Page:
Local: The Gift that Gives Back

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Christmas town

Vacant storefronts and barely-surviving businesses dominated downtown Chillicothe when I moved to Ohio in 2011. Today downtown is home to thirty thriving businesses, offering everything from retail items to food, personal and professional services. The revival of the downtown area and the continued success of its tenants depends on residents’ support and contribution to the local economy.

Shop local, Give local

Every dollar you spend in the local economy has a threefold multiplier effect: direct, indirect and induced, according to the American Independent Business Alliance. A direct impact occurs when businesses spend revenue to operate the business itself; purchasing inventory from local vendors, paying utilities, rent, and wages to employees. Indirect impact is the result of recirculating dollars in the local economy. The induced impact is additional consumer spending that happens when employees, business owners and others spend earned income locally. ¹

Supporting local businesses has non-economic benefits too. It cultivates hometown character and creates cohesion among community members. “It’s great to see decorated storefronts downtown instead of boarded-up windows,” a longtime resident of Chillicothe said, “The new downtown Chillicothe is something the entire community is proud of.”

Giving local gifts communicates your hometown pride. Givers can share the story behind the gift and what makes it special. For example, give a fruit basket from a local farm and share how your family looks forward to visiting the farm’s pick-your-own each fall. Give a personal recommendation with a gift card to an independent coffee shop, “The jumbo cinnamon rolls are the best!”

Local food makes great stocking stuffers and party gifts: wine, honey, jerky, candies and other products from area producers. These items are easy to ship and send a piece of your hometown to far-away family and friends. My husband has standing dibs on a turkey leg at holiday meals. One year he was stationed in Korea and missed the holidays with his family. His grandmother mailed the turkey leg across the Pacific Ocean. Although I don’t recommend sending perishable items, sending nonperishable local food products are a way to make the world feel a little smaller.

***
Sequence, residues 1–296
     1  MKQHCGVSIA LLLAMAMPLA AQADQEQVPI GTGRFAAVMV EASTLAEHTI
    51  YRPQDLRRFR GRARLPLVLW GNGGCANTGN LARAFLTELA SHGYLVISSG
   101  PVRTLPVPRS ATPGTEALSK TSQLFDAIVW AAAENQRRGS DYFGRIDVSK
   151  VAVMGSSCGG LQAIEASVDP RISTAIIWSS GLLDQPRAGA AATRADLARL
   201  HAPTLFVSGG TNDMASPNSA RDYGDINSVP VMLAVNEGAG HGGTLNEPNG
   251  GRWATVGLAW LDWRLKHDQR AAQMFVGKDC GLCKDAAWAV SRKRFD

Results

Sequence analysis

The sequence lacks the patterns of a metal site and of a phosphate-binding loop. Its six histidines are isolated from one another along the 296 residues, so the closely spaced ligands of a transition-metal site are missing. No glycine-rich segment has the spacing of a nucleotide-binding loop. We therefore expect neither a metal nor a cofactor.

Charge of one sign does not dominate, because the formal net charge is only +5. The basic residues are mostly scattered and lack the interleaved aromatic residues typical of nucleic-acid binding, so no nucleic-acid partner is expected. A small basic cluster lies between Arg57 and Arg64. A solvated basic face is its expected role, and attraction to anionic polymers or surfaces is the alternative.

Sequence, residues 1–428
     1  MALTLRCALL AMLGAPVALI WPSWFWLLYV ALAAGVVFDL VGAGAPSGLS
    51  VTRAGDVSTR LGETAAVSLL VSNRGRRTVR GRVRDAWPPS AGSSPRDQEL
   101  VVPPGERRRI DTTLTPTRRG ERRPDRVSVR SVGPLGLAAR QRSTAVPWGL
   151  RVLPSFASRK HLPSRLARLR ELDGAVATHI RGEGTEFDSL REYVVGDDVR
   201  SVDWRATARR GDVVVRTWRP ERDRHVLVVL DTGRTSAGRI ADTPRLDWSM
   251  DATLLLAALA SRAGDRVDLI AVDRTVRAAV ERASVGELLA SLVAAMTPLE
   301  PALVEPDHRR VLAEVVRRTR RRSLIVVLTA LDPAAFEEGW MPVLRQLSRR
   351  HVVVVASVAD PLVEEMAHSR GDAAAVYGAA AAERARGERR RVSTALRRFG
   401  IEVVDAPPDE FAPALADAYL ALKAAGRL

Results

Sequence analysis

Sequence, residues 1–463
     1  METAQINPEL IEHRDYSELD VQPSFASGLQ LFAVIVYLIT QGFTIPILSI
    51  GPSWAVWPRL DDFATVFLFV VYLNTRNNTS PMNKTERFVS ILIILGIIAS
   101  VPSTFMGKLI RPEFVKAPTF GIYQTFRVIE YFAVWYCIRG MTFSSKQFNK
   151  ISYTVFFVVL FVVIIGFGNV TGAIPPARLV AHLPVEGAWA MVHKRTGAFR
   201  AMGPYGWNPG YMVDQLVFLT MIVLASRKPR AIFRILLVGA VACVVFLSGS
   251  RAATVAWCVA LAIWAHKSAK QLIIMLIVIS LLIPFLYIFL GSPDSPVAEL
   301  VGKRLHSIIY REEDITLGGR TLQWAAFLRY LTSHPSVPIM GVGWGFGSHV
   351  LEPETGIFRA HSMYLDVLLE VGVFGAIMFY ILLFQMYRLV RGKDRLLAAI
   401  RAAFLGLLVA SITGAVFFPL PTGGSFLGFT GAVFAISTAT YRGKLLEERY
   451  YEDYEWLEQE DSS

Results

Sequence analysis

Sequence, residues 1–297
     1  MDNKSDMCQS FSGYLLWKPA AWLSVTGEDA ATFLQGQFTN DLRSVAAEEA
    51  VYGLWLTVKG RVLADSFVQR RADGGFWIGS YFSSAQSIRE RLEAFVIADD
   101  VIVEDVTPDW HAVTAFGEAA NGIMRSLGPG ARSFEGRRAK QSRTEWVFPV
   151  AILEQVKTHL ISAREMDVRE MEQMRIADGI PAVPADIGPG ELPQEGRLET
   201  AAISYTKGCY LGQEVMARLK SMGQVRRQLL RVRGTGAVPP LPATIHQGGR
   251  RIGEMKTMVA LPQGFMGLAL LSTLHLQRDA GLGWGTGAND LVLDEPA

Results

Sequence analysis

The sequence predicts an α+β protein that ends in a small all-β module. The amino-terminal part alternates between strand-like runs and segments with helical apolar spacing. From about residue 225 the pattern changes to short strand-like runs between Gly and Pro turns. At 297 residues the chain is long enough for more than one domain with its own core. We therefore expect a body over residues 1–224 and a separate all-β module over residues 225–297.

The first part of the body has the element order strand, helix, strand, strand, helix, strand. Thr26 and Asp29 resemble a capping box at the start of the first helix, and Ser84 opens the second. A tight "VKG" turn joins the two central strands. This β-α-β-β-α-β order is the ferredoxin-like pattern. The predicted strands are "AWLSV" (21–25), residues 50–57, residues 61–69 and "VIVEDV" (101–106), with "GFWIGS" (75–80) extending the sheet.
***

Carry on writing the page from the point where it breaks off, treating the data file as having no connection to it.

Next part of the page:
Small businesses are a great place to find locally made body products, housewares and jewelry. Small, independently owned businesses often serve as a retail gateway for local producers and artisans, who can work directly with the manager to stock products at a small volume, instead of coordinating a large volume through a regional distributor.

Don’t forget services- the person who has everything will appreciate the gift of local spa services, classes, or tickets to experience area attractions.

Buy local, online

No time to go downtown? You can still shop and give local online. Many local businesses have ecommerce websites that allow customers to pick-out, purchase and ship gifts without stepping foot in the store.

Looking for local food and products? You can find local produce, beef, dairy, herbs and value-added product at www.localharvest.org.

You can find locally made clothing, crafts and retail items from over 300 Ohio small businesses and farmers at Celebrate Local shops in Cincinnati and Columbus, or buy online at www.celebratelocalohio.com.

  1. “The Multiplier Effect of Local Independent Businesses.” American Independent Business Alliance. (n.d.). Retrieved November 28, 2018 from https://www.amiba.net/resources/multiplier-effect/

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